e.printStackTrace();
}
return persons;
}
}

Jersey

This class uses the Jersey library to setup a client to contact the Domino Access Service.

Developing RESTful Web services that seamlessly support exposing your data in a variety of representation media types and abstract away the low-level details of the client-server communication is not an easy task without a good toolkit. In order to simplify development of RESTful Web services and their clients in Java, a standard and portable JAX-RS API has been designed.

The received JSON is then converted into a Java object. I find this a good site to learn more about mapping JSON and Java.

Person class

The class also uses a Person class. In this class we specify which fields we want to map and how they should look like:

package com.quintessens.FakeNames;

import javax.xml.bind.annotation.XmlRootElement;

import org.codehaus.jackson.annotate.JsonIgnoreProperties;
import org.codehaus.jackson.annotate.JsonProperty;

@XmlRootElement
@JsonIgnoreProperties(ignoreUnknown = true)
public class Person {
private String name;//$17
private String companyName;
private String jobtitle;

@JsonProperty(“$17”)
public String getName() {
return name;
}
public void setName(String name) {
this.name = name;
}
@JsonProperty(“CompanyName”)
public String getCompanyname() {
return companyName;
}
public void setCompanyname(String companyname) {
this.companyName = companyname;
}
public String getJobtitle() {
return jobtitle;
}
public void setJobtitle(String jobtitle) {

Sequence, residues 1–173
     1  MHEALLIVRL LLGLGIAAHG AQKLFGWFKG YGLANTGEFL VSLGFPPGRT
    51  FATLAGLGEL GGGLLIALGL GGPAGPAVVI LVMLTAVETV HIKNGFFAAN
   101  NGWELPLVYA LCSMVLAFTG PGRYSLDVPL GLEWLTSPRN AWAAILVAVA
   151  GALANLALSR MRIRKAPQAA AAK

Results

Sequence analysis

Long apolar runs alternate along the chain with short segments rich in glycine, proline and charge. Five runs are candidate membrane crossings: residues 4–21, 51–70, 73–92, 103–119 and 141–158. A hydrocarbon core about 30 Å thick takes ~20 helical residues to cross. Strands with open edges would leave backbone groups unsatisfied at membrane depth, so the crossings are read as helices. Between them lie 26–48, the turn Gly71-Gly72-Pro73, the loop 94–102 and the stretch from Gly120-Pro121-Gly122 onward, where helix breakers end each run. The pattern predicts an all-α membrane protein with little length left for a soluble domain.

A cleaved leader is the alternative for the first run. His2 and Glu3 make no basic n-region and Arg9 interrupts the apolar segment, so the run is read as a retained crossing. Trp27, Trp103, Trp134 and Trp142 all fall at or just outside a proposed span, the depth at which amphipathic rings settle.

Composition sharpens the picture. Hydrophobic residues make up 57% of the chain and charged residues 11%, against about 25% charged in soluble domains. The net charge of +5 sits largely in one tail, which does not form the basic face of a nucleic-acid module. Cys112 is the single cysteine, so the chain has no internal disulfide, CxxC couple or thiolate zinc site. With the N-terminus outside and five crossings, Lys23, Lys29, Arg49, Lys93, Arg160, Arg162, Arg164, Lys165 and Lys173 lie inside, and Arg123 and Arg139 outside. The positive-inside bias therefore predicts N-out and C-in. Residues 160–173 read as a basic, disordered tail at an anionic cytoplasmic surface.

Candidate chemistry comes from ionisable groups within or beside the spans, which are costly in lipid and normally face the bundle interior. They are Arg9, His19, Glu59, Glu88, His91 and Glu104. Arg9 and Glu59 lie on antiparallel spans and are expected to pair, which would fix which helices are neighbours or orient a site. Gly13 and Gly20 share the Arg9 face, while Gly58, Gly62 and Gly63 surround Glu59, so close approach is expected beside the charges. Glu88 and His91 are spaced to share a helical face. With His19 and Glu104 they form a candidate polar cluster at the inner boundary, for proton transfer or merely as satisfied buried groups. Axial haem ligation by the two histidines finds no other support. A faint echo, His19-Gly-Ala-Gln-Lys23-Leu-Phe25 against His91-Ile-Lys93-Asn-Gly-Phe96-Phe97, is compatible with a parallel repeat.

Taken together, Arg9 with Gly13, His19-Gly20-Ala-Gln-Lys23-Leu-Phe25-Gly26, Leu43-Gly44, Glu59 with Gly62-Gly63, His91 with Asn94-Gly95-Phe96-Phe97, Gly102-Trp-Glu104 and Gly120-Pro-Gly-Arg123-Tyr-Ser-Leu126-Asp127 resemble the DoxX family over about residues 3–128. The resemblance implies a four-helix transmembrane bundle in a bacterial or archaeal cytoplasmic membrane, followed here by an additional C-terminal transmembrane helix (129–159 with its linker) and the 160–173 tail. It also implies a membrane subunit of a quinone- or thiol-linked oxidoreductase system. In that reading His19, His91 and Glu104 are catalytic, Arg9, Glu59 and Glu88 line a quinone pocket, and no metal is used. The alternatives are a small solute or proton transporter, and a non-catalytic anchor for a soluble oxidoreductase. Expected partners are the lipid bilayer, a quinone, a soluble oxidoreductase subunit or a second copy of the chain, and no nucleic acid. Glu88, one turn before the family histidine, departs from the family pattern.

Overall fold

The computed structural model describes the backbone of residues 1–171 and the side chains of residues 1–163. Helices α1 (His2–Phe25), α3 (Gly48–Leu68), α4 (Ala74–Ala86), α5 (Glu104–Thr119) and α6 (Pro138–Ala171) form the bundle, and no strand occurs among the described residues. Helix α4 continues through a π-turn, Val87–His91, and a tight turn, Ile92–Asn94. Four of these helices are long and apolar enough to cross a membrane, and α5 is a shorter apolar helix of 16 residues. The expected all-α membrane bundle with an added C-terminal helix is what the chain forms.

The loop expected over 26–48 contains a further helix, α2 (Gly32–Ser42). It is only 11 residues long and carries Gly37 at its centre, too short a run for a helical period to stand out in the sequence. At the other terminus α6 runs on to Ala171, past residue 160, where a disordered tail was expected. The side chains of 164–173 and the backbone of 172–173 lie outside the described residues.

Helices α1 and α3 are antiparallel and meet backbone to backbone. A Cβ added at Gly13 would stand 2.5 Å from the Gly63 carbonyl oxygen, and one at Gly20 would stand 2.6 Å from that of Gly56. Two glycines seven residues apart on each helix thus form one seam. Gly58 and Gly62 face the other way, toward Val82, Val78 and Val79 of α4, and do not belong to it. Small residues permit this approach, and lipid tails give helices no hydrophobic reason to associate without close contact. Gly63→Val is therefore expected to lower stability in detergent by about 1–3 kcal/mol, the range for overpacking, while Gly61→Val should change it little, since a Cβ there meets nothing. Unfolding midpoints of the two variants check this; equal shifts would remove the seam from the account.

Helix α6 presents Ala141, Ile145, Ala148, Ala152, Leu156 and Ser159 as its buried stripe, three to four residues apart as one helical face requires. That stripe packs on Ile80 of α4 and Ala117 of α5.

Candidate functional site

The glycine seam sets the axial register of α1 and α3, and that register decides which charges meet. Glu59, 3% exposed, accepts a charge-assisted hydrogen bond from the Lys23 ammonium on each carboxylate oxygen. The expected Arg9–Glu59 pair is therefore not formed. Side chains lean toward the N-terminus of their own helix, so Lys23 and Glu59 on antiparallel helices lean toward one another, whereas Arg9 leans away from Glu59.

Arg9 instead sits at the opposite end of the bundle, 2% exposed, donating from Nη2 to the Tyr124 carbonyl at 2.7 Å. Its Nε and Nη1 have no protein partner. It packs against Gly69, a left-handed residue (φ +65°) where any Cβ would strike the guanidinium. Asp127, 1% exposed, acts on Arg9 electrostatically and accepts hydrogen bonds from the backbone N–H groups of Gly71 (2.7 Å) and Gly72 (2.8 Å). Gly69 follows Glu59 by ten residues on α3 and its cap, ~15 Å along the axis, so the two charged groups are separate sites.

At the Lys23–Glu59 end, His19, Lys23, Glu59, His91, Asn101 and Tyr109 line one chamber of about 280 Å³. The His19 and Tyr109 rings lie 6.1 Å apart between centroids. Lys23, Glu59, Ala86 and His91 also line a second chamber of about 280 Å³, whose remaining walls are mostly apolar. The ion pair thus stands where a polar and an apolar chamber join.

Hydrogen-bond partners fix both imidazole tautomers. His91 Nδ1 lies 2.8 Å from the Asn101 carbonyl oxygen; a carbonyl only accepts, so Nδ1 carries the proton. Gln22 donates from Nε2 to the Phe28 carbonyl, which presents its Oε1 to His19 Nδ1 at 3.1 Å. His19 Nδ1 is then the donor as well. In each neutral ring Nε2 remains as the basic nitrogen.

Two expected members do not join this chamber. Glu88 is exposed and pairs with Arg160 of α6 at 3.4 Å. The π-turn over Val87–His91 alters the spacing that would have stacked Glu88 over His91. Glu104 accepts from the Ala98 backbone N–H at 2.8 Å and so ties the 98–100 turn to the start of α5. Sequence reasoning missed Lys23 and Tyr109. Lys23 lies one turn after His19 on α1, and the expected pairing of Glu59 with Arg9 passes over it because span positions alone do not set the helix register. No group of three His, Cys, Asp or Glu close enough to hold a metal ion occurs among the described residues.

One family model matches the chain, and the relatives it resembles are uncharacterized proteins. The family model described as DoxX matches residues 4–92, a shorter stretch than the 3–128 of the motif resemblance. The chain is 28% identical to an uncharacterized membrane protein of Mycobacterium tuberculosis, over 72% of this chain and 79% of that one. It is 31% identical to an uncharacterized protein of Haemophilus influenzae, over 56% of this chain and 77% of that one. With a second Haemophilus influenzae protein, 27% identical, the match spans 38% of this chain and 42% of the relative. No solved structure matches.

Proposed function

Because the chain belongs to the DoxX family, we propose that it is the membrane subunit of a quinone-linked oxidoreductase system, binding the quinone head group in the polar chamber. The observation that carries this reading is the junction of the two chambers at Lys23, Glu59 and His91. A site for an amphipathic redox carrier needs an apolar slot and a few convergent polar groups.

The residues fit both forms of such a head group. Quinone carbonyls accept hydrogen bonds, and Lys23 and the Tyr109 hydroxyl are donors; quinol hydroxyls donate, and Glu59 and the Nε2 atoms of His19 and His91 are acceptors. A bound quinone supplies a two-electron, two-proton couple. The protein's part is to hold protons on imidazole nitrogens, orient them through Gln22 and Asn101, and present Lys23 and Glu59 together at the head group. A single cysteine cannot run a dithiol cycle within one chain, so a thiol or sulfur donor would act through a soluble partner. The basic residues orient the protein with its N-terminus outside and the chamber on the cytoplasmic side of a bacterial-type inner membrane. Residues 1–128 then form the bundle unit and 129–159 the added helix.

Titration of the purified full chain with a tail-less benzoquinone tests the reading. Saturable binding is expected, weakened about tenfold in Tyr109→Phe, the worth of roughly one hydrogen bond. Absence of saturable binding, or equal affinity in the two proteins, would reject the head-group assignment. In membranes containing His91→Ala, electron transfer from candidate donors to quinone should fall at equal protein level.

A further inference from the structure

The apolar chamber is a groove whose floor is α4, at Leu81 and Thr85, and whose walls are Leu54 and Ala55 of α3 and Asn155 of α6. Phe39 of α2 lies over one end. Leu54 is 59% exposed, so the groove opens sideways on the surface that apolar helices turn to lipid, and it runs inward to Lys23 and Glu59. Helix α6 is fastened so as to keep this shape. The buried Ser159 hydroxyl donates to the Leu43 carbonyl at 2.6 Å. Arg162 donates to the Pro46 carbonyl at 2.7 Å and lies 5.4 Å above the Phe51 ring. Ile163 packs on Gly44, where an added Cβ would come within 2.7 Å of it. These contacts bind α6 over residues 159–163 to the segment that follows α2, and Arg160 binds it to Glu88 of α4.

this.jobtitle = jobtitle;
}
}

As you can see @JsonProperty(“$17”) makes the code a bit more user-friendly. In this case it maps the programmatic column name with a variable name.

The result

The following image shows the result of the code above:

jackson

As you see the markup is still basic but you can easily beautify it with Bootstrap or preferred CSS framework of choice.

The purpose of this blog was to demonstrate separating the data model and the business logic. You could have received the same result just using a repeat control and server-side javascript. But since the JSON & Java combination is more hype in the Domino world I guess it is interesting to take a look at the possibilities.

Wrap up

Some thoughts I have after this experiment:

  • What about the other documents?

In my example I make a call to DAS and include the count = 100 parameter. The number 100 is the limit that is set on my server. I have not figured out yet how to load a next set of documents and include it to the existing collection (please drop a note in case you have an answer to this).

  • What about performance?

Is Domino Access Services faster than e.g. defining my own data provider e.g. via a viewnavigator? I don’t know. In case you have suggestions on the preferred or fastest way to provide the data then let me know.

  • What about the language?

Java is not my native language in the Domino world. But the example above is understandable for a lot of us I would think. But who died out of a bit of curiosity?

Thanks for reading. Happy coding!